Dr. D. you asked me – so here it goes!
In one of my last posts, I mentioned how my oncologist asked me if I was starting to feel normal, other than for the neuropathy in my hands and feet. I understand that she has a medical background and was probably asking me more from a “physical” standpoint if I was feeling “normal” but of course I come from a psychological background. She is one of the most compassionate doctors I know, so I can’t imagine that she would have neglected the psychological aspect of it all, especially knowing that I am a psychologist. I will definitely give her a copy of this post in the hope that she will continue to ask me questions that make me think deeply! (Dr. D don’t you just love me?)
So needless to say, her question made me think… a lot. Do I feel normal? Can someone with a Stage 4 diagnosis ever feel normal again? When you are diagnosed with a cancer of a lesser stage, you typically have a chance at a cure. You know you will have to go through interventions and difficult treatments but you have a big carrot dangling at the end, you will be cancer free and will be able to resume your life. I do not want to downgrade anyone’s experience as getting a cancer diagnosis of any stage is traumatic. When you are told, on the other hand, that you are “uncurable”, there is no shiny carrot at the end of treatment as there is no endpoint to treatment. I was told, as many others with Stage 4 cancer, that I would be on chemo “for life”. You can’t even think about one day going back to your old life, you have to create a new sense of normal, what people often refer to as “finding your new normal”. That’s what you have to do when you know your life will never be the same. It used to be that a Stage 4 cancer was a death sentence but with new chemo drugs coming out, people are starting to live longer. So how “normal” can we feel as Stage 4 fighters and survivors when our biggest hope is to buy more time and keep the cancer at bay for the longest time possible. We live with hope that we will be here long enough to see new drugs and treatments emerge that will keep us alive until new drugs or a cure is found. This is not how the majority of people live.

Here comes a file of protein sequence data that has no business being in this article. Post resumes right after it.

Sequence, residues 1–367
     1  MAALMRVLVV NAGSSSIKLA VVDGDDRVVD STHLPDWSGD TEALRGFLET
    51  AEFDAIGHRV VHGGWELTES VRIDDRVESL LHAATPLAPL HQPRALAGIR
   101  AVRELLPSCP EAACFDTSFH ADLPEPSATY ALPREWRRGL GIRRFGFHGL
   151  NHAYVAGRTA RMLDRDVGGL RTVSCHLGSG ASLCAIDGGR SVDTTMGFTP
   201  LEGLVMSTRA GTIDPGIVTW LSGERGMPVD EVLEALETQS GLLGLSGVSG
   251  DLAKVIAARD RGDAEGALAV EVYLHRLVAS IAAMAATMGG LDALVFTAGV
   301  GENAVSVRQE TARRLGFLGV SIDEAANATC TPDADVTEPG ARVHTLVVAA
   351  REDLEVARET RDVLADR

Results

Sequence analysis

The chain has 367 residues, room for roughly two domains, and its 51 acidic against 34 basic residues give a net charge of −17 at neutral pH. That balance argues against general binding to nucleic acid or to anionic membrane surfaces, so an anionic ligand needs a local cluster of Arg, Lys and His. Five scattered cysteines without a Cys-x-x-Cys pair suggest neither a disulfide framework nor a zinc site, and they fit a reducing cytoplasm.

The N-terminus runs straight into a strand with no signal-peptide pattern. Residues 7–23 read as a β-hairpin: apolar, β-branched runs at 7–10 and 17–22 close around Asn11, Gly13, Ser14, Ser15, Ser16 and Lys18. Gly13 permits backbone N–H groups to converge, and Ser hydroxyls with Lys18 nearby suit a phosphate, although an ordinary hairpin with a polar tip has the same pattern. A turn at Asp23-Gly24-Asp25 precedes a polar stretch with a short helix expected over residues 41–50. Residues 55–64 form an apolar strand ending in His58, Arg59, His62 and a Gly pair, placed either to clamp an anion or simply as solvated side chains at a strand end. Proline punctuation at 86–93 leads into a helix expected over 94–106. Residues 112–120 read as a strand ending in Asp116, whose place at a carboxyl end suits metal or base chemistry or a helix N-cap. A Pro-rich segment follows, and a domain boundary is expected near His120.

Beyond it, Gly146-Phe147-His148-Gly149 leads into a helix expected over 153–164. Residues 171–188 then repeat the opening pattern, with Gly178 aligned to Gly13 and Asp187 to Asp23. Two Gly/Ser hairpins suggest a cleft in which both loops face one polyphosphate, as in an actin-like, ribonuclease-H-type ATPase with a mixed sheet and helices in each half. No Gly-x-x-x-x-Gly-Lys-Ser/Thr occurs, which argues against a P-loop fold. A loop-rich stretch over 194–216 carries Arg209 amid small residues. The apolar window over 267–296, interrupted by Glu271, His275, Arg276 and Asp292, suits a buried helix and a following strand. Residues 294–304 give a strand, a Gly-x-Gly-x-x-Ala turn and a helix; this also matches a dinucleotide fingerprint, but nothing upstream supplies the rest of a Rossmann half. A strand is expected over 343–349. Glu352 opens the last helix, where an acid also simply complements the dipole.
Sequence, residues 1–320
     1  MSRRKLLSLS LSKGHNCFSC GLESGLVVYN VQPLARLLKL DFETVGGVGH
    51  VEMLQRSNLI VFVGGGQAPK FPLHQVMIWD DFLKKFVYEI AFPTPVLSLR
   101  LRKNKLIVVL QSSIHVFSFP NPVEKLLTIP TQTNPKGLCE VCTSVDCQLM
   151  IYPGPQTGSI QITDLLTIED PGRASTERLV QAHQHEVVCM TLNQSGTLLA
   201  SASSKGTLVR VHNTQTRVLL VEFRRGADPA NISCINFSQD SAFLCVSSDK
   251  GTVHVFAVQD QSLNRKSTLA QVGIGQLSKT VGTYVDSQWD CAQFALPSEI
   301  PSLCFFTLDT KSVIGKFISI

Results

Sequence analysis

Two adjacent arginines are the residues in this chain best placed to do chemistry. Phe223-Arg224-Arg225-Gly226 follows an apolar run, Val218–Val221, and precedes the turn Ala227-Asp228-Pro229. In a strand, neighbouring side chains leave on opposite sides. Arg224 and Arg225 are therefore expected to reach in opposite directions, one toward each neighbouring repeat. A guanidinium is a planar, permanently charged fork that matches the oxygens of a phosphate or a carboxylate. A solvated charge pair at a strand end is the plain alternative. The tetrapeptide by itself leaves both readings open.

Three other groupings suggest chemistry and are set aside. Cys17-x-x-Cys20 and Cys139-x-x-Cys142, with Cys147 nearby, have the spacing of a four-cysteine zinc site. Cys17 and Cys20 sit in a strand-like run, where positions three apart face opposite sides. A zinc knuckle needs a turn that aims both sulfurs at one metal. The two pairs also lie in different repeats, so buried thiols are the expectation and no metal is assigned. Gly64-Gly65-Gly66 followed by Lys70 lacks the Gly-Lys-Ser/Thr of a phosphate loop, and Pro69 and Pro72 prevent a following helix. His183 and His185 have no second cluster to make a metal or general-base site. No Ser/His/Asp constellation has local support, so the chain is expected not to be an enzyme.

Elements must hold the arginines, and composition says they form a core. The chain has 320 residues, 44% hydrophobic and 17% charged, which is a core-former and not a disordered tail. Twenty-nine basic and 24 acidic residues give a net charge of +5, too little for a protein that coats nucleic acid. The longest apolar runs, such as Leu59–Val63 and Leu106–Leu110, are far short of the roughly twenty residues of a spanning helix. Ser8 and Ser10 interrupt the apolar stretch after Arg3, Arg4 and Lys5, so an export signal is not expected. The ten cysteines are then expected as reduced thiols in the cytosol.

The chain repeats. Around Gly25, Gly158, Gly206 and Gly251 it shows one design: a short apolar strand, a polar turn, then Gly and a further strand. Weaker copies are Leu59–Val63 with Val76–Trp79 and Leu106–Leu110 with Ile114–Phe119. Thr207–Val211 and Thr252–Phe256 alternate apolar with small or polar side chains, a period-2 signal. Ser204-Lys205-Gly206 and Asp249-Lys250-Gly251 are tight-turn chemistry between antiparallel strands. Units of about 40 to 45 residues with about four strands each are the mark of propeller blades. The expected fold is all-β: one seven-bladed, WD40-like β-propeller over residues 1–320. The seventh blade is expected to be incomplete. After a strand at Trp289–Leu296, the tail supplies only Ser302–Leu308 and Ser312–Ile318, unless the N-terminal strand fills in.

What is normal anyways? I guess we could all come up with our own different definition. I like to think of normal as the “norm”, as what is considered “usual” and “average”, how most people are and what most people do. So I will write according to this very simplistic definition.
I like to think of my cancer as a chronic medical condition. Most likely, it will have periods of remissions and potential periods of recurrences. Of course the best case scenario would be to beat it and have it never come back but I need to be prepared for the event that it comes back. Having a chronic medical condition is not the norm, the majority of people don’t have to deal with a (deadly) chronic health condition so that in itself, sets me apart from the majority of people, it does put me in a different category. Even though I have been feeling very well and have been lucky to not have too many symptoms, I still feel like I walk around with a Damocles Sword dangling above my head. I never know if/when the cancer cells could return, so that too doesn’t make me feel normal. I don’t think that most people live with this fear. We all say that we could get killed in a car accident on our way to work, on any given day, but who really lives their lives as if this was true? I don’t think that until you are hit with a potentially lethal diagnosis that you start thinking about your own death and fear that it could happen too soon.